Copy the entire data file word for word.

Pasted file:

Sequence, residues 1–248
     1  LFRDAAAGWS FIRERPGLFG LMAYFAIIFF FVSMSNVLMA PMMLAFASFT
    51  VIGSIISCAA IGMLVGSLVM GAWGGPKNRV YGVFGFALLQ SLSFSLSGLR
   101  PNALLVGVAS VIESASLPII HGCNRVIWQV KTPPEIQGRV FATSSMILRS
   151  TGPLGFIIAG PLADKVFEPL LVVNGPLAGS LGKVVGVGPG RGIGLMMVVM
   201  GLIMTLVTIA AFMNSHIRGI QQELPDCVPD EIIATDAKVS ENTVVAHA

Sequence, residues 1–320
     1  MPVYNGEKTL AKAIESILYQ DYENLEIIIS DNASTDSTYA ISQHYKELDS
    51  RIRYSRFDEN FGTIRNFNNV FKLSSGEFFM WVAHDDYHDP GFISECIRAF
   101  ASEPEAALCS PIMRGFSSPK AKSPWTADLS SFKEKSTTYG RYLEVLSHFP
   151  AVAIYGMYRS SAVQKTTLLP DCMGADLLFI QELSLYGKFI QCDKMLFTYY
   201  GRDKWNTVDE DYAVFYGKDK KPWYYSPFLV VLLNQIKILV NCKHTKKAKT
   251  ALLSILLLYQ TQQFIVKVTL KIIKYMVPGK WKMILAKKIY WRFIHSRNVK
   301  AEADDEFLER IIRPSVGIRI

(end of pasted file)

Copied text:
Sequence, residues 1–248
     1  LFRDAAAGWS FIRERPGLFG LMAYFAIIFF FVSMSNVLMA PMMLAFASFT
    51  VIGSIISCAA IGMLVGSLVM GAWGGPKNRV YGVFGFALLQ SLSFSLSGLR
   101  PNALLVGVAS VIESASLPII HGCNRVIWQV KTPPEIQGRV FATSSMILRS
   151  TGPLGFIIAG PLADKVFEPL LVVNGPLAGS LGKVVGVGPG RGIGLMMVVM
   201  GLIMTLVTIA AFMNSHIRGI QQELPDCVPD EIIATDAKVS ENTVVAHA

Sequence, residues 1–320
     1  MPVYNGEKTL AKAIESILYQ DYENLEIIIS DNASTDSTYA ISQHYKELDS
    51  RIRYSRFDEN FGTIRNFNNV FKLSSGEFFM WVAHDDYHDP GFISECIRAF
   101  ASEPEAALCS PIMRGFSSPK AKSPWTADLS SFKEKSTTYG RYLEVLSHFP
   151  AVAIYGMYRS SAVQKTTLLP DCMGADLLFI QELSLYGKFI QCDKMLFTYY
   201  GRDKWNTVDE DYAVFYGKDK KPWYYSPFLV VLLNQIKILV NCKHTKKAKT
   251  ALLSILLLYQ TQQFIVKVTL KIIKYMVPGK WKMILAKKIY WRFIHSRNVK
   301  AEADDEFLER IIRPSVGIRI